[Another entry in the on-going blog "Would We Lie To You?: News from the Non-Fiction Career Lab"]
by Claire Cheney
“Each of us possesses five fundamental, enthralling maps to the natural world: sight, touch, taste, hearing, smell. As we unravel the threads that bind us to nature, as denizens of data and artifice, amid crowds and clutter, we become miserly with these loyal and exquisite guides, we numb our sensory intelligence.” — Ellen Meloy, The Anthropology of Turquoise
When I forget how to write, I usually cook something, or take a photograph. I turn to my other senses — my nose or taste buds, my vision, and try to remember how those function, so that I can bring it back to the page, so that I can remember how the sensual experience of life informs my writing. And when I forget how to do that, how to cook or take a photograph, well, then I just walk around outside and try to notice things outside of the buzz inside my head.
I’d say my biggest struggle in the effort to keep writing page after page about the spice saffron, the elusive but irresistible topic I’ve been chasing these past few years, is that of tolerating what Meloy points out as this “unraveling” — the life chaos that unhinges us from the world, most notably the natural world, that is the source of much inspiration and drive. She writes how the “crowds and clutter” can “numb our sensory intelligence” and I admit that I experience this regularly when returning home from my day job of managing a cafe. Setting down my purse on the kitchen counter, I open the fridge, stare blankly at the back wall behind the orange juice and pickle jars as though maybe it’s the new passage to Narnia, and then without too much delay, end up slumped on the couch with a box of Triscuits and a can of Coors light. “My grandmother drinks light beer” I tell myself, so this is classy. More acurately, this is a profound display of sensory hypothermia.
The things that distract us and derail us are always present, always threatening, sneering, shaking our worlds. Often it’s not even an acute circumstance, or person, or broken thing, but rather the accumulation of little agitations and snags on the creative spirit: a stream of junk e-mails or text messages from work colleagues, a pile of smelly dish rags, a pile of parking tickets, of mismatched socks, of inkless pens and dead batteries that need to be disposed of properly. Unless we tolerate it, this tide of schmultz and chaos, it can corrode our energy, creating a cycle of frustration, guilt and discouragement.
I don’t want to deny the fact that “dumb time” can be useful — this couch plus Triscuits plus Coors light situation for example — as it is important to let our busy selves off the hook sometimes. But the goal is to have fewer days when “dumb time” is necessary, as each day will only bring more chaos, more data and more unraveling.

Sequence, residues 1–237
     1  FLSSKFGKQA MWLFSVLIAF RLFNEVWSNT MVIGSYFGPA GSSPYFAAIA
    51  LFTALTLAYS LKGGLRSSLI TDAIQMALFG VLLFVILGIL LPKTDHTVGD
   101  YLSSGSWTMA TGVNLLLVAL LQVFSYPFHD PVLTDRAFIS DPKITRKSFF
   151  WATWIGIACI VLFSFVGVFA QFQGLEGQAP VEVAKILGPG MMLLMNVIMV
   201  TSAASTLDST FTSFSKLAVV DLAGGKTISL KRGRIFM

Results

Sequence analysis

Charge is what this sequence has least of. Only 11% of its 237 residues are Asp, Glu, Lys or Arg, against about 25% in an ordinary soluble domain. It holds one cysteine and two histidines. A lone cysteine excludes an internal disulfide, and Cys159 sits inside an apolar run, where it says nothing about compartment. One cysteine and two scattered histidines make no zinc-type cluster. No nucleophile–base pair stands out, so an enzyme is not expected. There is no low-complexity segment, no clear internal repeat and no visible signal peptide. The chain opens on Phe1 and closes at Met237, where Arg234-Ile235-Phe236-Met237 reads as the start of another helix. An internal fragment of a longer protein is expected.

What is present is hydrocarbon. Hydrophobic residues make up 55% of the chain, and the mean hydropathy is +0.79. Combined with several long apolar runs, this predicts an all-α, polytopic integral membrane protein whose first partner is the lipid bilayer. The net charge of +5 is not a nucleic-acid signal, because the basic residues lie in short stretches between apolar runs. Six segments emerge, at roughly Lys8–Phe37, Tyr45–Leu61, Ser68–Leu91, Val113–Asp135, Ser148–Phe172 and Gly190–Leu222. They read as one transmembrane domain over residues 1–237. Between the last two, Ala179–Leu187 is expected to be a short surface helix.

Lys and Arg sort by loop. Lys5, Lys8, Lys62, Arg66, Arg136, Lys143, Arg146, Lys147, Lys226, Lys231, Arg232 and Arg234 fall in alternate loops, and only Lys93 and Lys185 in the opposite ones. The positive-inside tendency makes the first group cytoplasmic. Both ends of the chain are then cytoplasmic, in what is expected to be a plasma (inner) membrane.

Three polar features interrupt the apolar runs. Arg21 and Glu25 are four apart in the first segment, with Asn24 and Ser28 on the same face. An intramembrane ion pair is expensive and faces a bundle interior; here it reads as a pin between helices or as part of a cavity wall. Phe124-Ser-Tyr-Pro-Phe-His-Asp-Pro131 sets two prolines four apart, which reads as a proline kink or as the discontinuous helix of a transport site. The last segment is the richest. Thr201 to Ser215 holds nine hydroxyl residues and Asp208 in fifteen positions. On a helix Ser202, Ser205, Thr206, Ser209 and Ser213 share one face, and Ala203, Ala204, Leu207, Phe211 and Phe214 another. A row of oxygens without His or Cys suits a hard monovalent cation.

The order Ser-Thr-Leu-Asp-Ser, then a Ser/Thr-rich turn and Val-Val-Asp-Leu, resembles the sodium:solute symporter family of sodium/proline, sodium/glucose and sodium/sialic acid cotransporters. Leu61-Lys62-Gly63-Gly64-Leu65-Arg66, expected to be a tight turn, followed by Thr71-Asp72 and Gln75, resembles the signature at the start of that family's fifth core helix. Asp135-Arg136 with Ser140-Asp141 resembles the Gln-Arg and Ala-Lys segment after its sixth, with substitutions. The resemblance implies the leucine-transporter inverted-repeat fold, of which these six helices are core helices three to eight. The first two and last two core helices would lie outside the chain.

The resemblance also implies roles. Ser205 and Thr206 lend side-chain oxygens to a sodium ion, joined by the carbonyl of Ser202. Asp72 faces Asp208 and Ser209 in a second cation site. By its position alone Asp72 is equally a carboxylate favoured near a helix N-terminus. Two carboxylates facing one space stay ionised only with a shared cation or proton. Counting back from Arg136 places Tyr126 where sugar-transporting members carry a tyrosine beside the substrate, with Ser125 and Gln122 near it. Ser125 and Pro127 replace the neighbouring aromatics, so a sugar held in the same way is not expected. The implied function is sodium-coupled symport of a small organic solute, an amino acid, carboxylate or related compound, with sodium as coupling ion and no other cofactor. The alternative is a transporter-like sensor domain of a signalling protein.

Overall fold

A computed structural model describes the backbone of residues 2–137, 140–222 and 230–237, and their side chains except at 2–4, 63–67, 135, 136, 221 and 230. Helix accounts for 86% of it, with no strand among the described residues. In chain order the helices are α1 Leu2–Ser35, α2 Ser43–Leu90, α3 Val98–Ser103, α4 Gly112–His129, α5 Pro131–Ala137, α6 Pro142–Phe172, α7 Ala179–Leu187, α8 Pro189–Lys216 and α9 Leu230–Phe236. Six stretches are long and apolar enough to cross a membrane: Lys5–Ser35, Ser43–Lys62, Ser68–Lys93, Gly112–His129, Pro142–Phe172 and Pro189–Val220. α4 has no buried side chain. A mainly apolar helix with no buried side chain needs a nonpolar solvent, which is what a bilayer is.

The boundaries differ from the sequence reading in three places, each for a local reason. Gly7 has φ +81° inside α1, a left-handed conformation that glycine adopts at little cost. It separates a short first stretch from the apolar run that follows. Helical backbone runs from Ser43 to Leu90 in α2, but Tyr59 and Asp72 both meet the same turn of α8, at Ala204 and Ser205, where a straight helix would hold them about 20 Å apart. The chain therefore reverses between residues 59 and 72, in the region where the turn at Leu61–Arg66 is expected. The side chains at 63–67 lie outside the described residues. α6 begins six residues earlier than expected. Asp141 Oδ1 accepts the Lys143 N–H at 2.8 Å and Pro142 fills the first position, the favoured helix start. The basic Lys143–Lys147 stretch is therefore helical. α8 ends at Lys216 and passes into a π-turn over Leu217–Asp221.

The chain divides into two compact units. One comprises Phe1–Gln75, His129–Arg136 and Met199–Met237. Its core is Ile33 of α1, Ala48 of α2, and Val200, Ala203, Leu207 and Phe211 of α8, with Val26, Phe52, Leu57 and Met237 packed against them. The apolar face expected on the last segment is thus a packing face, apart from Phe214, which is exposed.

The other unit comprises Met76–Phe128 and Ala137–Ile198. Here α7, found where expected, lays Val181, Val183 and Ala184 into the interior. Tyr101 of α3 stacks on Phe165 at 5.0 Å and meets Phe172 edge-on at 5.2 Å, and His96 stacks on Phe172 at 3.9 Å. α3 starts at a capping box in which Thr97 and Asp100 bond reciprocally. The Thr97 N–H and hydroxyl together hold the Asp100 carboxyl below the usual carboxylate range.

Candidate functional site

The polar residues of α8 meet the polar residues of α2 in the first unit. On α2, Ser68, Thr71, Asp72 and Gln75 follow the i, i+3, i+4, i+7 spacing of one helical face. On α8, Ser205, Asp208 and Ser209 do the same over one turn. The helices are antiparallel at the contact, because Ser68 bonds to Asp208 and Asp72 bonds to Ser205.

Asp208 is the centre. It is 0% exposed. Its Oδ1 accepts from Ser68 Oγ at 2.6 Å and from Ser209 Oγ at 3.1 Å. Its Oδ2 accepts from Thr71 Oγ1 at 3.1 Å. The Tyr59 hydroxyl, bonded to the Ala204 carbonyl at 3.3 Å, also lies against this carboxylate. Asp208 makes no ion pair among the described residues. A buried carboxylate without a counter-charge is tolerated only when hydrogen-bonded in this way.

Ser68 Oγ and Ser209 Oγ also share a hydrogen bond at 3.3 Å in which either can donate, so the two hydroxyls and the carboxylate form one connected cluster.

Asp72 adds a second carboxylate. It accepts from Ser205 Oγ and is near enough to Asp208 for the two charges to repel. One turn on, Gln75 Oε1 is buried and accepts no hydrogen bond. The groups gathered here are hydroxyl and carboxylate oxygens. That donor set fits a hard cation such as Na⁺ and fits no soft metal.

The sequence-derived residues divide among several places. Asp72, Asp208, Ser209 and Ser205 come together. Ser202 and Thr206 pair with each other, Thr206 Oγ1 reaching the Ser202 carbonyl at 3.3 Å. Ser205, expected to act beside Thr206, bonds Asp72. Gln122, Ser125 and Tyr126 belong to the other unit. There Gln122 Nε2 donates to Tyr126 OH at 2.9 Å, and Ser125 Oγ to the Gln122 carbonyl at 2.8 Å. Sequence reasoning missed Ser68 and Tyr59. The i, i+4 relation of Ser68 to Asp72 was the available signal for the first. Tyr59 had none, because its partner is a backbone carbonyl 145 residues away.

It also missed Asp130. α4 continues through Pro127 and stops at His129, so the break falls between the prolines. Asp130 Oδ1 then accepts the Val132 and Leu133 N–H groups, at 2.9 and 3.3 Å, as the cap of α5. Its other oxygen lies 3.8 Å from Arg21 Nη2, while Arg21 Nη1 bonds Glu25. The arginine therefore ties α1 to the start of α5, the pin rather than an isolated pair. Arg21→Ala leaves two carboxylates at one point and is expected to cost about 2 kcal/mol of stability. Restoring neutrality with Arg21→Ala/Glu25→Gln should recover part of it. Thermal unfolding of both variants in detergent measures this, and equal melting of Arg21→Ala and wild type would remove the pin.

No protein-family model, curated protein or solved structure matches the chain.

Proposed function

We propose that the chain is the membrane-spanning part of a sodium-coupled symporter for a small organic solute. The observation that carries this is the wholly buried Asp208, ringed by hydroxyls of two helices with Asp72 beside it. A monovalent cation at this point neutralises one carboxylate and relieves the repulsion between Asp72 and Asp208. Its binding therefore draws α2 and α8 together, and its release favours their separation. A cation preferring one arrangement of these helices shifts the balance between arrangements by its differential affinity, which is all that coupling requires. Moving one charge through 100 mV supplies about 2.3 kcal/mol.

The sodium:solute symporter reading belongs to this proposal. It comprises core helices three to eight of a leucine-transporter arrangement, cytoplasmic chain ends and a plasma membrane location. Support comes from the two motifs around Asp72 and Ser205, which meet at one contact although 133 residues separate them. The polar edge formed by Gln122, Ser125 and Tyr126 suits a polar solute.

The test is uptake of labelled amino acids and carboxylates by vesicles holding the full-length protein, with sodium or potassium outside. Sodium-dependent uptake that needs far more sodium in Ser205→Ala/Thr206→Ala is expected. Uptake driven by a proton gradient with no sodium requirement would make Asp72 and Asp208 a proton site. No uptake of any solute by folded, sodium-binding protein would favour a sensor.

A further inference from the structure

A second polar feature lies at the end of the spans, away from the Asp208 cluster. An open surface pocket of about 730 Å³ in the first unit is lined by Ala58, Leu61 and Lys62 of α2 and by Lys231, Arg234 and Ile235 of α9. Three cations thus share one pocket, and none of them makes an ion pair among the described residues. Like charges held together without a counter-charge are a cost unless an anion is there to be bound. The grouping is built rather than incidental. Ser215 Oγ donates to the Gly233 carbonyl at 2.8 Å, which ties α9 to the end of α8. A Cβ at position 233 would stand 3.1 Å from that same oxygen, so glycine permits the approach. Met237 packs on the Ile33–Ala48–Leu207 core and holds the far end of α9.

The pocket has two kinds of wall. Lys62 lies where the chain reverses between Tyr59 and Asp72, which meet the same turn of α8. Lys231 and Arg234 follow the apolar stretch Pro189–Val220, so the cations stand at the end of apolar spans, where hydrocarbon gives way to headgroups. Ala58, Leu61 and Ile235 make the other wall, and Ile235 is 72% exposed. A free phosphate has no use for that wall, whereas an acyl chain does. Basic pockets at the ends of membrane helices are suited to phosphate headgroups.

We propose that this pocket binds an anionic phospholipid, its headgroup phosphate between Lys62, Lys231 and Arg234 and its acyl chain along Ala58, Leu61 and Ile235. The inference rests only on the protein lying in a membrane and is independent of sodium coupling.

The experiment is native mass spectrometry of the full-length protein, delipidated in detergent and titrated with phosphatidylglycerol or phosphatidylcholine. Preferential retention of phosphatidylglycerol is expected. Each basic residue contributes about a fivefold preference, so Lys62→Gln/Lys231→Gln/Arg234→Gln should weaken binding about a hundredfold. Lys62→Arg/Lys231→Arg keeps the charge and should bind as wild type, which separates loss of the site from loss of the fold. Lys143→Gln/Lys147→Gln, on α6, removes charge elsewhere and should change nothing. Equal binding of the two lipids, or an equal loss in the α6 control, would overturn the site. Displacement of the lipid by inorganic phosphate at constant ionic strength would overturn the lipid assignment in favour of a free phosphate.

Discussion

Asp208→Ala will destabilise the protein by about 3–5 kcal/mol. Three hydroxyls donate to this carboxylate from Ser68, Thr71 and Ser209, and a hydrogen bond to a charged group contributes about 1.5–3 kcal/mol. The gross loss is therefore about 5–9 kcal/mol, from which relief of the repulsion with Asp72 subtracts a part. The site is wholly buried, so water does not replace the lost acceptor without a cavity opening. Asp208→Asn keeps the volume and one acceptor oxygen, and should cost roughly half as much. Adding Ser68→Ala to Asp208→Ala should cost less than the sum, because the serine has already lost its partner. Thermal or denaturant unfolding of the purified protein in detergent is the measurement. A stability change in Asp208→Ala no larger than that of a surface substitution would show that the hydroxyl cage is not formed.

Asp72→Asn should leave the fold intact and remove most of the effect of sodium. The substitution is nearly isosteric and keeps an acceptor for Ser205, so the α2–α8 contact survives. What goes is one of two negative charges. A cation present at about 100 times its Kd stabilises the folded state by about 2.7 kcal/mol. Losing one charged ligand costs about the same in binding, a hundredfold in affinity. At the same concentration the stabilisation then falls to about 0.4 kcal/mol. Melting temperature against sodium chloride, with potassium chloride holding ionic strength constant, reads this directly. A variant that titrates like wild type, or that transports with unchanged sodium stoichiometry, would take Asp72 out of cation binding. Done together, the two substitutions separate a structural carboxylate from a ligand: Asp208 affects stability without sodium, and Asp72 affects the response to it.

For whatever reason, I was born sensitive; “over sensitive” I’ve been called, though the more positive term is “highly sensitive.” After a panic attack episode in college my mother bought me the book Highly Sensitive People: How to Thrive When the World Overwhelms You that I know she bought with the intention of helping me realize my “gift” of being sensitive. While it was interesting material, I wasn’t ready at the time to realize this “gift.” I was better at obliterating it with alcohol or long, solitary walks in the woods or late night cooking sessions that left scars on my forearms and charred pans in the sink.
How have I learned to be sensitive AND tolerant? To keep my sensitivity in balance with the chaos of the world that is always shooting a fire-hose of information and sensory input into my face? How to tolerate the anxiety, breathe its poisonous vapors and be glad I’m still conscious and functional?
Listening well, looking, tasting, smelling — this is how I tolerate, this is how I begin to “sense” the world again after everything has turned to static, noise and chaos. In Alice W. Flaherty’s book The Midnight Disease: The Drive to Write, Writer’s Block, and the Creative Brain (2004) she describes this balance for the writer as paying attention, or taking care of, the inner voice: “When we write, we feel as if we are setting down what our inner voice is saying. …Our experience of the inner voice is a crucial aspect of our mental health. The inner voice may be absent in dreams or hypnotic states. But in general, everyone has an inner voice that lulls us with its familiar chatter or keeps us amused with daydreams on long plane rides.” (p. 239) In some way, Flaherty is writing on the same subject as Meloy. Flaherty argues that “psychosis” — or deafening of this calm, inner voice — is the same as what Meloy says is “unravel[ing] the threads that bind us to nature.”
As we round the final phase in our year of non-fiction writing, our class has entered a phase of focused writing aimed at gaining traction in our book projects. For me, I have had to turn my attention back to my senses, as I’ve gotten a bit lost in a high-tide of chaos. While many are returning to the gym to get their blood pumping, I am exercising my senses. I’ve returned to the kitchen to experiment more with spices, and I’ve borrowed my father’s Canon Rebel EOS to take photographs of the shadows and snow and wilted roses in my Italian neighborhood. As I slow down and focus on my other senses, I feel myself beginning to tolerate the disorder, and suddenly I can describe the way cinnamon tastes, with its hot, earthy tang, or the way the light falls on my neighbors driveway, in a quiet geometry of grays.
Claire Cheney lives and writes in Somerville. In 2012 she self-published an art book called Art of the Harvest chronicling her trip to Macedonia to harvest the spice saffron. She continues to do research on this strange spice while working full time in the specialty food industry. She likes to cook paella.